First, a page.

x Abu Dhabi, UAETuesday 23 January 2018

Arab Spring leaders count cost of protests

Calm returns to Cairo and Tunis as potential political and economic consequences of five days of violence are weighed

Egyptian protesters gather around a burning vehicle in downtown Cairo, Egypt, early Saturday.
Egyptian protesters gather around a burning vehicle in downtown Cairo, Egypt, early Saturday.

BENGHAZI, LIBYA// A deadly wave of protests across the Muslim world receded yesterday, but left leaders propelled to power by the Arab Spring counting the potential political and economic cost.

At least eight people, including the US ambassador to Libya, have died since tens of thousands of demonstrators began attacking western embassies and businesses to vent their anger over a film made in the United States that defames the Prophet Mohammed.

But yesterday in Cairo, where the protests began with an assault on the US embassy last Tuesday night, clashes in Tahrir Square came to a halt after Egypt's main Islamist groups called for calm. A newly erected concrete barrier kept protesters well away from the embassy, and the streets remained relatively quiet.

The president, Mohammed Morsi, a prominent member of the Muslim Brotherhood until his election victory this year, is understood to have received a heated late-night phone call last week from the US president Barack Obama. Egypt receives about $1.5 billion a year from the US, most of it in military aid.

In Tunisia, where the government is led by by the moderate Islamist Ennahda party, a high security presence deterred protesters from taking to the streets of Tunis. "I recognise that we failed to protect the embassy and we should offer our apologies to the Americans," said the interior minister, Ali Larayedh. A security investigation is under way, he said.

The US embassy in Tunis hoisted a new American flag, after the old one was torn down on Friday by demonstrators bearing the black banner adopted by extremist Islamist groups.

A statement on the embassy's Facebook page expressed thanks for "messages of support" and to Tunisians who "assisted us yesterday while the embassy was under attack".

Hundreds of Israeli Arabs protested against the film yesterday in the north of the country, but Israel police dispersed a crowd of 150 Palestinians in mainly Arab east Jerusalem, where they tried to march to a US consulate building. There was calm on the surface in Benghazi, although flights remained disrupted after American drones attracted anti-aircraft fire earlier in the week. According to a Washington Post report, FBI investigators have not yet been able to begin work in Benghazi, and although Libyan officials say four people have been arrested in connection with the attack on the US consulate in which the US ambassador Chris Stevens and three other Americans died, they have not yet been charged.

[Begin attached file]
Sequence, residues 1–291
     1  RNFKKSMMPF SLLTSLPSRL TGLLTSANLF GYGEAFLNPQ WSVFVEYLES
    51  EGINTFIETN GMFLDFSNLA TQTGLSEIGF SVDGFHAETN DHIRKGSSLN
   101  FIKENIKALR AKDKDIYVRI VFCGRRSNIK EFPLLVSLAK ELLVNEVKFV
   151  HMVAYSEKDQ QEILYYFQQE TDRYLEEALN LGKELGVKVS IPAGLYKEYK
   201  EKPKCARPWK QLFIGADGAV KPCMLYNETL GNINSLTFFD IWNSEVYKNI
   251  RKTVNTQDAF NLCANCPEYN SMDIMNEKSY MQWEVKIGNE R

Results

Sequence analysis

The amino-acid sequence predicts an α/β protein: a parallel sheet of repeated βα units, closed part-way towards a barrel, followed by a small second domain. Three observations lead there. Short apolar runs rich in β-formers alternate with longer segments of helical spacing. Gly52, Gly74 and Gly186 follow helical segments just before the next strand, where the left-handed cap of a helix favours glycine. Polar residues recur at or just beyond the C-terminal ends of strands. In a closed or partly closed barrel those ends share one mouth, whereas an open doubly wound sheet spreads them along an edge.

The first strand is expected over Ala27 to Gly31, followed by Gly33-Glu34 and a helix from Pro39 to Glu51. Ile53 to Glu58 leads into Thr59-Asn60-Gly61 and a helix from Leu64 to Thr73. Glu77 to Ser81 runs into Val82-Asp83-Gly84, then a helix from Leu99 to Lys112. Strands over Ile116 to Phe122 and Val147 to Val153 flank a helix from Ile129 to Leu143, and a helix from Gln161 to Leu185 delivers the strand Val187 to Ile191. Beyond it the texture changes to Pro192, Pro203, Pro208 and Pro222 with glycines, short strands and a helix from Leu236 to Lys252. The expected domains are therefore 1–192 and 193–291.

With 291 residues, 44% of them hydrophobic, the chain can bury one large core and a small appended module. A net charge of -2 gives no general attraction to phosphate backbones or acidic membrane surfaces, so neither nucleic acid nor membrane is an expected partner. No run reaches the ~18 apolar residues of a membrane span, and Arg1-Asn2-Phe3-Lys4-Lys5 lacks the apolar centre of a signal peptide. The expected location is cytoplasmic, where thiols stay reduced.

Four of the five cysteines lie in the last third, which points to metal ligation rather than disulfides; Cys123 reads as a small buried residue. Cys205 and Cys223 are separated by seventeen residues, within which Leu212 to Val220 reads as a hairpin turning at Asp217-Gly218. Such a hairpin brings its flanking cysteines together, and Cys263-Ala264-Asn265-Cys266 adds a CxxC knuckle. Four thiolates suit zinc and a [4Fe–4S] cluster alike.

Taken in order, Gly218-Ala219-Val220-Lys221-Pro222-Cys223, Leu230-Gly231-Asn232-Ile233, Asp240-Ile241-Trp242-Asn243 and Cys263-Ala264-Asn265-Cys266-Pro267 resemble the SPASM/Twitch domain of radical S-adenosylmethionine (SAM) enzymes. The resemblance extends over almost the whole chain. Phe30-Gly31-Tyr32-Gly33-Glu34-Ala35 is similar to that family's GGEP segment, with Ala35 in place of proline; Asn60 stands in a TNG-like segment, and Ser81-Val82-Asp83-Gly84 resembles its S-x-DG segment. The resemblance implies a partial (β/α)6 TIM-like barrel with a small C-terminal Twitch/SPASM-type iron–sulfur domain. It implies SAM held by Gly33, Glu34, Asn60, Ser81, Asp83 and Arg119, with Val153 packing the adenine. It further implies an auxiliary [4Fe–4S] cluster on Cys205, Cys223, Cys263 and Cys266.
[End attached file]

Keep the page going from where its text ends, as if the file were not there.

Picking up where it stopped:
The president of Libya's interim government, Mohammed Al Magarief, said on Friday that he believed Al Qaeda had been behind the "organised" attack on the consulate, but several people in the city said they feared Libya's loosely organised security services would be unable to bring the perpetrators of the attack to justice.

Members of the armed, Islamist Ansar Al Sharia group, at least some of whose members had been present during the attack, continued to guard a hospital in the city, while other participants in the assault held a demonstration on Friday in a main road in the city, apparently unconcerned about the prospect of being arrested.

American attempts to boost security in vulnerable diplomatic missions by sending teams of marines ran into problems when authorities in Yemen and Sudan rejected the deployment of extra soldiers, and said national security forces were capable of protecting the compounds. On Friday, a crowd of rioters penetrated the embassy compound in the Yemeni capital, while in Sudan, three people died when the German and American embassies were stormed and black Islamist flags raised.

Debate raged among religious leaders and extremists about whether attacks on US embassies and diplomats, or perhaps an international anti-blasphemy law, were legitimate responses to the film that sparked the protests.

Sheikh Ahmed Al Tayyeb, grand imam of Al Azhar Mosque in Cairo, the highest seat of Sunni Muslim learning, called for an international resolution banning any attack on Muslim religious symbols, as a response to "those who provoked challenges to world peace and international security".

In Saudi Arabia, the Grand Mufti also denounced the film, but was scathing about the attacks. "It is forbidden to punish the innocent for the wicked crimes of the guilty, or to attack those who have been granted protection of their lives and property, or to expose public buildings to fire or destruction," he said.

Al Qaeda, however, called for more violence. "Let the step of kicking out the embassies be a step towards liberating Muslim countries from the American hegemony," Al Qaeda in the Arabian Peninsula, the Yemeni offshoot of the terror organisation, said.

It called on Muslims to emulate the example of Libyans who attacked and burnt the consulate in Benghazi. The organisation said the attack was a response to the death of Al Qaeda leader Abu Yahia Al Libi, a Libyan killed in a US drone strike.



* With additional reporting by the Associated Press, Agence France-Presse and Reuters and Bloomberg